I don’t want to come off as pervy. However! These have been unbelievable times when it comes to brilliant, beautiful, nuanced, real, and absolutely horny-as-hell depictions of gay relationships, romance, and sex in pop culture. It’s been astonishing, really.

Bring back Franz Rogowski and Ben Whishaw from Passages, and Nicholas Galitzine and Taylor Zakhar Perez from Red, White & Royal Blue, for press immediately. Showtime, if I am not on a Zoom with Jonathan Bailey and Matt Bomer from Fellow Travelers in the next seven days, you will learn that The Ring was actually based on me. And, praise Gay God, because Andrew Scott and Paul Mescal will now be able to give us the steamy Oscar campaign their award-worthy work in All of Us Strangers deserves.

Yes, some of these actors did advanced press in anticipation of a strike. But we’ve now seen the things! We’ve reacted to the things! We’ve pulled up scenes from the things late at night while alone! It’s time for more discourse.

I am very excited for the people who have delivered brilliant performances to take their victory laps as well. Da’Vine Joy Randolph, this your time to shine for breaking my heart into a million pieces in The Holdovers. Book those interviews and nab that Oscar nod. Get the Theater Camp cast out here and on the talk-show circuit they (and we) deserve. Carey Mulligan, let’s dig into that Maestro accent(s)! And on the flip side: Nicholas Braun, defend Cat Person!

This happened in the nick of time, because I truly can’t imagine this award season without hearing from Annette Bening talking about just how much she swam to prepare for Nyad. Natalie Portman and Julianne Moore are about to open a movie in which Portman plays an actress shadowing Moore, a teacher who married the student she controversially had an affair with, Mary Kay Letourneau-stye. Imagine not having a press tour for that.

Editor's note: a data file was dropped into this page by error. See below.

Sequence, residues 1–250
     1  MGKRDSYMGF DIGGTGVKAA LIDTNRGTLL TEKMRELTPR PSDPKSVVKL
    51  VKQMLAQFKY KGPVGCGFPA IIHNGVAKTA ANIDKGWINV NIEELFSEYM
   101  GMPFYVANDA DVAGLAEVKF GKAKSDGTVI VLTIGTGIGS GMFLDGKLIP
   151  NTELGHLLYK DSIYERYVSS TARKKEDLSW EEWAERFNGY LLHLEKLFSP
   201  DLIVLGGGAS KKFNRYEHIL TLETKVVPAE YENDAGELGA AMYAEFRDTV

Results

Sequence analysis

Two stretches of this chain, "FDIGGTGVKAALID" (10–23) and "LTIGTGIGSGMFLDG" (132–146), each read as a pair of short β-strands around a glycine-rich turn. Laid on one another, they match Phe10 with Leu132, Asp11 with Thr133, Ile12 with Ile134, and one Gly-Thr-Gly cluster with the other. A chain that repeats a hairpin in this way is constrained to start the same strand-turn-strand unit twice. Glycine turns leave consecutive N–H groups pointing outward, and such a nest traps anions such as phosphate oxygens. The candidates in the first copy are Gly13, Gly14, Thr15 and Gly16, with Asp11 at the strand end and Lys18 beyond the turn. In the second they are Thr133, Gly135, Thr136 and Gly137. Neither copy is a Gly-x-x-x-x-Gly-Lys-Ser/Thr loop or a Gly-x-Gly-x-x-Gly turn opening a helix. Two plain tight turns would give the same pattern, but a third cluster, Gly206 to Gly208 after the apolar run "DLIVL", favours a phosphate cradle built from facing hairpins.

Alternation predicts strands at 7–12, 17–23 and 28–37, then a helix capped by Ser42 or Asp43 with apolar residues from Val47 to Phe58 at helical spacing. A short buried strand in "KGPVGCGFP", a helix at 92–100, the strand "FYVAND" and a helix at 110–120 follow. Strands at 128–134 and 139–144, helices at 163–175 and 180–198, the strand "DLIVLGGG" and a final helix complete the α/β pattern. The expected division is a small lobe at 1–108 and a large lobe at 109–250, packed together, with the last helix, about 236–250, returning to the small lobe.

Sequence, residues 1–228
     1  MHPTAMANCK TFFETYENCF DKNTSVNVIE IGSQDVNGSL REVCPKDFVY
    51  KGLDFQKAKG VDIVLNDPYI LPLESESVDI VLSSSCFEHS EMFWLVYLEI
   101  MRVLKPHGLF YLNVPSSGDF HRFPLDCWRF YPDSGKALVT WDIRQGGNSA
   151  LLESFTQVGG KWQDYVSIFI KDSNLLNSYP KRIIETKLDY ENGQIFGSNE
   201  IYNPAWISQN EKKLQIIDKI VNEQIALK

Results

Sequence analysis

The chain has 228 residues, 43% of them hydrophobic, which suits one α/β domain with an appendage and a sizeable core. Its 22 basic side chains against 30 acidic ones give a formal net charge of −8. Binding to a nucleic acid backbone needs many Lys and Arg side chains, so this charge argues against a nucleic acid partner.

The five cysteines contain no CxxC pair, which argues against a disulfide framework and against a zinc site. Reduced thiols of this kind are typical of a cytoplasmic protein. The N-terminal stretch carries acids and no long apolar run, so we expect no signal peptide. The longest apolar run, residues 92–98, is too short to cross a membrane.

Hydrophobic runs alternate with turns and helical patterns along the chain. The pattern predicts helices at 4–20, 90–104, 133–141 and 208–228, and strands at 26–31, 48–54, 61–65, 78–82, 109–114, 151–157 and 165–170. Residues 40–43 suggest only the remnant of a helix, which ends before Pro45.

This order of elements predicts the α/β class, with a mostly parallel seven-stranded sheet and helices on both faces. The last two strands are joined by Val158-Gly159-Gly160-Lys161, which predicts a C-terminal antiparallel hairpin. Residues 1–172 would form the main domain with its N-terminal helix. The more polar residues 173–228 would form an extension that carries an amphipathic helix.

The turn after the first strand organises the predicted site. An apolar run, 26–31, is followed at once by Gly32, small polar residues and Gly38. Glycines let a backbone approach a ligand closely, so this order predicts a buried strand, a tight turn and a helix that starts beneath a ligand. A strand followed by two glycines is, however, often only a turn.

Then there’s Emma Stone in Poor Things and Barry Keoghan in Saltburn. I fear that people would not properly understand how wild these films and performances are—in the best, we-should-all-be-talking-about-it way—if these actors weren’t properly publicizing them.

And it’s TV, too! The cast of Reservation Dogs deserves a redo, after their finale aired during the strike. Have you heard about what’s happening on Gen V? We need to talk about it! Get me Christine Baranski and Cynthia Nixon in a Gilded Age promo shoot immediately.

And, most pressing, we need Jennifer Aniston and Reese Witherspoon to answer some questions.

On Season 3 of The Morning Show, they sent Witherspoon to space. And that was just the first episode! There also was a restaging of the insurrection, Jon Hamm played a version of Elon Musk, and there was one of the weirdest post-coital scenes I’ve ever watched. Aniston was lying on top of Jon Hamm, crotch to bum, as if that’s how humans lounge after doing it. If you know, you know, because it’s been seared into your brain and is the image that you see each time you close your eyes. (Just blinked and shuddered again.) The world needs to talk about this.

It’s going to be an interesting time, as the rush for press and promotion launches like one of those scary roller coasters at amusement parks, or a rocket on The Morning Show inexplicably blasting TV anchors into space. I’m already strapped in.